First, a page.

Friday, June 2nd, at Lancaster’s first Youth Arts & Innovation Conference unexpectedly turned out to be one of those precious life moments during which you find yourself standing on the brink of something big. An email plea from a friend to serve as chaperone to a few of Lincoln Middle School’s 6th and 7th graders attending the event sounded like a great excuse to get out of the office for a little while, and maybe a chance to check out some of Lancaster’s local artists—not to mention, free lunch. By the end of the day, it had become incredibly obvious that I had just been lucky enough to participate in and witness the beginning of something powerful for our community. I had lost count of how many times I got goosebumps. I don’t remember how many times I fake-sneezed to wipe the tears streaming down my face.
Put on by Program Associate and We Rock the Mic Facilitator, Ty Gant of The Mix at Arbor Place, in partnership with The Ware Center and Millersville University, The Youth Arts & Innovation Conference centered around students practicing positive expression through multiple forms of art, public speaking, and professional paths. It all sounded very “students will be able to” on paper, but experiencing the workshops, the movement, and the emotion of the day felt anything but standardized or prescribed.
The conference gave students the opportunity to participate in three different workshops led by Barry Kornhauser, a nationally recognized playwright and the Assistant Director of Campus & Community Engagement at Millersville University; Savannah Thorpe and Molly Carl of BrandYourself Lancaster; as well as Evita Colon and Solise White, Speak to my Soul Spoken Word Poet and Head Choreographer, respectively. Throughout each workshop, participants were asked to dig deep to find the issues they care most about in order to promote social justice through art in our community. Students were also given useful information surrounding online and professional reputations and how goals, interests, and accomplishments can help promote success outside of high school.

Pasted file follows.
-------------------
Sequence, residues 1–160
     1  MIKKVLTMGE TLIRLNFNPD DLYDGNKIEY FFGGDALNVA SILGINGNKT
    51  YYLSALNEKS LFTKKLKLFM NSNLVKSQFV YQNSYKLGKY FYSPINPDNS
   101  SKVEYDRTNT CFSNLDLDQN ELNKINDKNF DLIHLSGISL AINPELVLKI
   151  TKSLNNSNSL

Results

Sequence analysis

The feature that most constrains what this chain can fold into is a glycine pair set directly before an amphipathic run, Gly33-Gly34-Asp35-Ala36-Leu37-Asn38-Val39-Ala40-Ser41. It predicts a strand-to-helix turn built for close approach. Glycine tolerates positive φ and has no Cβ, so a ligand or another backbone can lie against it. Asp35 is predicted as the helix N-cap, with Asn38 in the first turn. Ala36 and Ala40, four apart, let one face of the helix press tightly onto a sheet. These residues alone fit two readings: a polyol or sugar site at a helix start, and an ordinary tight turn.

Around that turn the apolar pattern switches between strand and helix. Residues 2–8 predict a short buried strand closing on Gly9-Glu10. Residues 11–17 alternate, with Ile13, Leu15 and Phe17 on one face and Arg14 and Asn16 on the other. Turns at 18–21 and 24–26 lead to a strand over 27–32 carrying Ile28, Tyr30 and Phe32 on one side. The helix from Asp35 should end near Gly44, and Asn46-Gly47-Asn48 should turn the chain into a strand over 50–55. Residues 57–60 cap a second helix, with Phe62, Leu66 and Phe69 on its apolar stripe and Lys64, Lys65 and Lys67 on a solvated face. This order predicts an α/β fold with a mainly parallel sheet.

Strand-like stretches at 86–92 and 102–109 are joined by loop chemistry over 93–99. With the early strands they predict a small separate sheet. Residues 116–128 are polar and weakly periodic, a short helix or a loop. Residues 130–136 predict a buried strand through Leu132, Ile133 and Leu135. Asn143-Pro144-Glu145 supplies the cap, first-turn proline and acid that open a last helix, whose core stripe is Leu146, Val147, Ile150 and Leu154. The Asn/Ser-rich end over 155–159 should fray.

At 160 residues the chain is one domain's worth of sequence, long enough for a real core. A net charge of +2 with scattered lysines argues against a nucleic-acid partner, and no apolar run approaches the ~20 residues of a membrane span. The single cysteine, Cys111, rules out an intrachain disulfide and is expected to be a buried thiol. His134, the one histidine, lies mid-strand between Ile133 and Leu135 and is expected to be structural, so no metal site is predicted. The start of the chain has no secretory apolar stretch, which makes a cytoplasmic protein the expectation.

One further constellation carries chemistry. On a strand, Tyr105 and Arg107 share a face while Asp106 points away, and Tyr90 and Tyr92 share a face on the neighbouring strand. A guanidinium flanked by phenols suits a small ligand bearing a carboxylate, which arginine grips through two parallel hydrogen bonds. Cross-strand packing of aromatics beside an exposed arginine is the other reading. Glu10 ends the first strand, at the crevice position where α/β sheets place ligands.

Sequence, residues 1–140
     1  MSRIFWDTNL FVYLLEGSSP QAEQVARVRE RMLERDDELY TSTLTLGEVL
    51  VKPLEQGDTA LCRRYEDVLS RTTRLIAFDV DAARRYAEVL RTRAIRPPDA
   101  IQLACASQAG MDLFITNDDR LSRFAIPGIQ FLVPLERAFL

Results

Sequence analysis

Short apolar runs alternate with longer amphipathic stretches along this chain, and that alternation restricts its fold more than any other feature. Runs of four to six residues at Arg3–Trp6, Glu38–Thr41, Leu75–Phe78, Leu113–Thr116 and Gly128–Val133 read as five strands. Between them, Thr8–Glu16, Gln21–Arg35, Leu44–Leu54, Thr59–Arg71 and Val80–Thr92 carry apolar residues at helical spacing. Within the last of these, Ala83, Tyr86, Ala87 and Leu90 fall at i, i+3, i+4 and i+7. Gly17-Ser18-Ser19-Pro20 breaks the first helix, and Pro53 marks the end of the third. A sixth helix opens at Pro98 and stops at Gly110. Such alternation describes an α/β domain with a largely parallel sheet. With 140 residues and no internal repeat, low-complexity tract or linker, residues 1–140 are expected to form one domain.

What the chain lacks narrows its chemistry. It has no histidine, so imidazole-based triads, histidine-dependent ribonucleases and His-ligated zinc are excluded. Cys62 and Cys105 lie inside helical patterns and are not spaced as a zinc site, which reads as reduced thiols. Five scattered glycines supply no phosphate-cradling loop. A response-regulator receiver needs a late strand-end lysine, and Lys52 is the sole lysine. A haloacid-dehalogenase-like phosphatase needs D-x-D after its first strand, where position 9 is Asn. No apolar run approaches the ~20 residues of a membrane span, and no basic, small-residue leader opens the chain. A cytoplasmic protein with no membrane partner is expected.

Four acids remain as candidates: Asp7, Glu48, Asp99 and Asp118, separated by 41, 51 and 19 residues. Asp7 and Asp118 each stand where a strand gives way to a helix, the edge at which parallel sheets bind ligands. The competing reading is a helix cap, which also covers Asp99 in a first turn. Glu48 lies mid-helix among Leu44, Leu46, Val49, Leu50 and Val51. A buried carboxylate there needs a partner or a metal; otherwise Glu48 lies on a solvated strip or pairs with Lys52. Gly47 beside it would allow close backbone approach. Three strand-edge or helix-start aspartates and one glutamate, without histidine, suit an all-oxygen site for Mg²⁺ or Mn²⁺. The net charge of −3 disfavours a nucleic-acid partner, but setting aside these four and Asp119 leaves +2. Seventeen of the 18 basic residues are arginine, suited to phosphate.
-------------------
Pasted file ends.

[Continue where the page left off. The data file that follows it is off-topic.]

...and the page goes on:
I have to admit, I was pleasantly surprised with how ready students were to access the lessons and opportunities afforded by each session, and I was floored by the passion each individual brought to the groups. Every person who attended, even the chaperones, were asked to put themselves in vulnerable situations and did so readily, often with smiles and laughter—a welcome and noticeable difference from the usual end-of-the-school-year attitudes.
After an already busy morning and afternoon packed with work sessions and special guests, I was prepared for students to mentally check themselves out after lunchtime, remembering how I used to feel in middle and high school towards the end of the school year; however, students were quick to engage in a panel discussion kicked off by Brave New Schools, during which panel members were asked about the importance and attainability of personalized education. A question that many students could have shied away from because of its pedagogically specific language, the audience and young panel members were some of the most vocal when it came to discussing their personal education experiences and insights. Many of the adult panel members including teachers, college staff and professors, as well as the School District of Lancaster’s Assistant Superintendent seemed eager to listen to the feedback from the middle and high schoolers and thoughtfully responded to ways in which both students and educators can make education more meaningful.
The entire day culminated in the announcement of Lancaster’s next Youth Poet Laureate: Kiara Guzman of McCaskey High School, followed by an incredibly emotional We Rock the Mic Youth Poetry Grand Slam, during which three teams competed. Students from Phoenix Academy, The Mix at Arbor Place, and More Than Poetry performed impassioned spoken word pieces that brought the house down and touched on issues such as social justice, missing parents and broken households, transgender and LGBTQ rights, finding your calling and being true to yourself, among others. By the end of the night, you might have been able to have counted on one hand the number of people who didn’t cry after at least once during the evening.
I walked out of the Ware Center around 8 o’clock that evening feeling more hopeful about the future than I had in a long time. The collaboration, creativity, and passion exhibited by the youth of our city left me believing in the power of the next generation to confront obstacles head-on, to thoughtfully question the status-quo, and to leave the world a better place for those to come. It reminded me that, more often than not, the most important voices are among the youngest, and we have so many opportunities to learn from them, if we listen. Lancaster—listen up. As Mr. Ty stated at the end of the night, “this is only the beginning.”